A wedding (or similarly large special event) party house would also be very successful, she said. Or perhaps both of those ideas.
“In our downtown, we've talked about it for a long time, it would pair nicely with a boutique hotel,” she said.
Another housing need, though, has more to do with longer-term, temporary situations. We are missing “the larger manufacturing corporations” in need of fully furnished lodgings for new employees in training, she said.
“For them to stay in, for maybe a three, four or five months period, which I consider a corporate housing-type market,” she said. “We talked about this when I was at the IDA, and now I continue to see it happening, that they'll need to go to the outer suburbs of Buffalo and Rochester to find something fully furnished, a corporate housing-type opportunity. So I think that's another opportunity the city has, to develop a unique piece of the market and have more people staying here. And when I say the city, I do mean the private sector, not the actual city of Batavia, just to be clear, where someone could make a return on their investment and have a product out there that supports the manufacturers and their employees that come over for kind of longer-term stays. There's a lot of positive opportunities even after we get all these DRI (Downtown Revitalization Initiative) projects done, there's going to be a lot more to continue to work on.”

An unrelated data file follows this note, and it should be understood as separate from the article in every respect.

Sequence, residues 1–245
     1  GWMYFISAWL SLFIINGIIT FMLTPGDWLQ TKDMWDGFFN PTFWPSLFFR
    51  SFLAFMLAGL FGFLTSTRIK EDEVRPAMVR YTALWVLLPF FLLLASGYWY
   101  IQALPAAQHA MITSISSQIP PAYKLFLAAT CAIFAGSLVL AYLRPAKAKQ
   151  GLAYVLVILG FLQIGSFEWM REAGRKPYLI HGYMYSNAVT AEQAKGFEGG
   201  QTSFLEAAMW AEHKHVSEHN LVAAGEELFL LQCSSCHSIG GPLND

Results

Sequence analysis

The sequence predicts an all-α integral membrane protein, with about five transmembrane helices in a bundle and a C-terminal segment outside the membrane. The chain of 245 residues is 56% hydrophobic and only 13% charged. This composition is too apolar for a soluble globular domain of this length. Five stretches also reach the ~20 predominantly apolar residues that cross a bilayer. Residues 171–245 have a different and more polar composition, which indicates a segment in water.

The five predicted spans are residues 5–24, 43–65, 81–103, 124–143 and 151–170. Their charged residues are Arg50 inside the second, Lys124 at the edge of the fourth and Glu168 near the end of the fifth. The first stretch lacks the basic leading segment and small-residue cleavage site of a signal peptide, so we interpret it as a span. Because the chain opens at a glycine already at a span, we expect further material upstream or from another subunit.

Last word on the vacant Penney building was that a real estate developer from California purchased the property and is shopping it around to local developers. Meanwhile, designs are being made for the new police station, to be just across the street at another Alva Place and Bank Street parking lot.
Next up: The city manager discusses the police station, ice rink, shopping experiences
Top 2022 file photo: City Manager Rachael Tabelski gives an update during a City Council meeting, and Tabelski participates in the ceremonial groundbreaking shovel toss for Ellicott Station.